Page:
No more is heard of Oliveira until 1565 when, according to a document found by Lopes de Mendonca, King Sebastian appointed him priest of the mass licensed to handle cases of conscience at Palmela with a tencao of 20,000 reis a year. In 1565 Sebastian was aged eleven, and until he came of age at fourteen in January 1568, the regency was held by his great-uncle Cardinal Henry. In his later works, Oliveira refers to himself as 'chaplain to the kings of Portugal of his time'. The pension was a fair one for a priest: Camo es received only 15,000 in respect of his work, and his widowed mother the same when Philip II Philip II, king of France
Philip II or Philip Augustus, 1165–1223, king of France (1180–1223), son of Louis VII. During his reign the royal domains were more than doubled, and the royal power was consolidated at the expense renewed the grant for the services of both her husband and her son. What the services to Cardinal Henry were is not stated. Palmela was the seat of the Order of Santiago This article deals with the Spanish Order of knighthood. For the Portuguese branch, see Order of St. James of the Sword.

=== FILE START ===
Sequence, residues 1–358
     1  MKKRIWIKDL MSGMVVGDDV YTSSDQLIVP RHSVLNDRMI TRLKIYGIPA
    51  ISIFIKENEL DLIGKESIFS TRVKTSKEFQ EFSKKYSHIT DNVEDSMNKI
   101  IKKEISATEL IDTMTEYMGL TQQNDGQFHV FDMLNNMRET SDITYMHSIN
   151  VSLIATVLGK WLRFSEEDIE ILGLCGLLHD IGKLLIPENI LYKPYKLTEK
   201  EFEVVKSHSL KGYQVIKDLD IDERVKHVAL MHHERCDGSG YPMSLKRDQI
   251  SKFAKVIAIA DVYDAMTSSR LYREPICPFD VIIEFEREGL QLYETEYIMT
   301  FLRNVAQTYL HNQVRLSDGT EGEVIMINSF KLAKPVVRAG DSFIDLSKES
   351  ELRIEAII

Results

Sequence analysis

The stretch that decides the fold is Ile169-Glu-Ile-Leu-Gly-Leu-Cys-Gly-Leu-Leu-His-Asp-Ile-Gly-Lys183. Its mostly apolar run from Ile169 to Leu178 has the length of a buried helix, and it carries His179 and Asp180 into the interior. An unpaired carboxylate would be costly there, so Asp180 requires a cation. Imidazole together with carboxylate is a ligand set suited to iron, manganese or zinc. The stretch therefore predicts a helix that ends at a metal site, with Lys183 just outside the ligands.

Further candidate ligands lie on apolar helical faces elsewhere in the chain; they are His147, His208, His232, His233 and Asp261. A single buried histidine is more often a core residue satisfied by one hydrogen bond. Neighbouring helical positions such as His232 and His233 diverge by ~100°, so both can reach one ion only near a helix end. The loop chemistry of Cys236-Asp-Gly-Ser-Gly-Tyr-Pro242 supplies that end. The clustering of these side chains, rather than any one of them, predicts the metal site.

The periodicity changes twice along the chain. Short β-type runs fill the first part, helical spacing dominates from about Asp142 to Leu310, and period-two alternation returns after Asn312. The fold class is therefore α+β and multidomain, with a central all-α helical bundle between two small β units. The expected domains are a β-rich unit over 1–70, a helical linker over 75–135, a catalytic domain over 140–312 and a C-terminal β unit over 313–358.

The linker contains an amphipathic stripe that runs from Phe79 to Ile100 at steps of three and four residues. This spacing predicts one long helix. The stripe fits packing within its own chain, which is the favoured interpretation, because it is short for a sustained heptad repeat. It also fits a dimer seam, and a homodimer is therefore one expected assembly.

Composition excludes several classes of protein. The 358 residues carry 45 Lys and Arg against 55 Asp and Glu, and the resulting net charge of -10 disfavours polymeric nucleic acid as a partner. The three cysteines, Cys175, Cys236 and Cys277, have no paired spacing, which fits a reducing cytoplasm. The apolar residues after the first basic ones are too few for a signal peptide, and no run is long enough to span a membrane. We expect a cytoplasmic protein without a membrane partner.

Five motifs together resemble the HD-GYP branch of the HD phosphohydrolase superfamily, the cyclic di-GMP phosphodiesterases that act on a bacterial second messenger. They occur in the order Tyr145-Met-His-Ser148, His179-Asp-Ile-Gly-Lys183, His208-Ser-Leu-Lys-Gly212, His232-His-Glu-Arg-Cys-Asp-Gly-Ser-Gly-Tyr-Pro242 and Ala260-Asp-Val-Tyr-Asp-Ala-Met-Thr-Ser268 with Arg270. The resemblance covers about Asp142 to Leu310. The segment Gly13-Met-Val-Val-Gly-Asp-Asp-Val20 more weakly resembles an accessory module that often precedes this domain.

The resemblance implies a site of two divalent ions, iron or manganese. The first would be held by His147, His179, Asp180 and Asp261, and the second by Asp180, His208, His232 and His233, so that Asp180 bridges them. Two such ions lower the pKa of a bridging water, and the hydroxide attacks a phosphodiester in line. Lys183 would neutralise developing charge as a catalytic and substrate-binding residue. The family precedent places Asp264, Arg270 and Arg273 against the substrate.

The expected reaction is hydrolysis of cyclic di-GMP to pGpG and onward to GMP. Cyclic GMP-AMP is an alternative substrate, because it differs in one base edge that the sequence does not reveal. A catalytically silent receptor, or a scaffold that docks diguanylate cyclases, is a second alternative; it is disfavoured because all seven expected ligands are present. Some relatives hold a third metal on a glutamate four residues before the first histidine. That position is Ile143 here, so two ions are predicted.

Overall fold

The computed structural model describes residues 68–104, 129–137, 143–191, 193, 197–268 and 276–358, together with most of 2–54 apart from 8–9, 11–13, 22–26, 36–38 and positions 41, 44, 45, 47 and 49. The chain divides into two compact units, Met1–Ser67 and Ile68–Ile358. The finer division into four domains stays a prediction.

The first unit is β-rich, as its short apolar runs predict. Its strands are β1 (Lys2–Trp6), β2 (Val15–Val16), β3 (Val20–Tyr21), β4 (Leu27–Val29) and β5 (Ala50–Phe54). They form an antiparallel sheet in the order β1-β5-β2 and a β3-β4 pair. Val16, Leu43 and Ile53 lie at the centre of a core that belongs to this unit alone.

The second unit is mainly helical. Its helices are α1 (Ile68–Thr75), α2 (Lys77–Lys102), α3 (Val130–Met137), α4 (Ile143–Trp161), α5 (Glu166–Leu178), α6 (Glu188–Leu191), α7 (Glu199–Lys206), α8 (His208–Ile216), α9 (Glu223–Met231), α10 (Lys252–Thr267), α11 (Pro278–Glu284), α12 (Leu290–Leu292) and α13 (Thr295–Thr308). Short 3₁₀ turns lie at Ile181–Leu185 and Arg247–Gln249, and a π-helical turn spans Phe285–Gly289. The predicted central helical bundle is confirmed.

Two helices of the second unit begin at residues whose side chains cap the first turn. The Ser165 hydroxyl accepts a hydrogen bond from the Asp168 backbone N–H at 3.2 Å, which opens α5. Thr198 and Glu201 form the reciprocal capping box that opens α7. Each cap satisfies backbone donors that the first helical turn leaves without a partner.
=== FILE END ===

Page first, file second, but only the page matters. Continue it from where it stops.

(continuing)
The Order of Santiago or the Order of Saint James of Compostela and within reach of the naval dockyards on the Tagus. Oliveira may already have begun his Latin Ars nautica, which contains the internal date 'from then until this present, ie 1570'.
Some Spanish documents published by Leon Bourdon bour·don
1. The drone pipe of a bagpipe.
2. The bass string, as of a violin.
3. An organ stop, commonly of the 16-foot pipes, medium in scale but with dark timbre. throw some light on Oliveira. (10) One D'Albagno, an Italian venturer trading with West Africa West Africa
A region of western Africa between the Sahara Desert and the Gulf of Guinea. It was largely controlled by colonial powers until the 20th century.
West African adj. & n. from the French port of La Rochelle La Ro·chelle
A city of western France on the Bay of Biscay southwest of Tours. It was a Huguenot stronghold in the 16th century. Population: 79,400. , visited Lisbon, where he had an agent, in 1565. He met the cosmographer cos·mog·ra·phy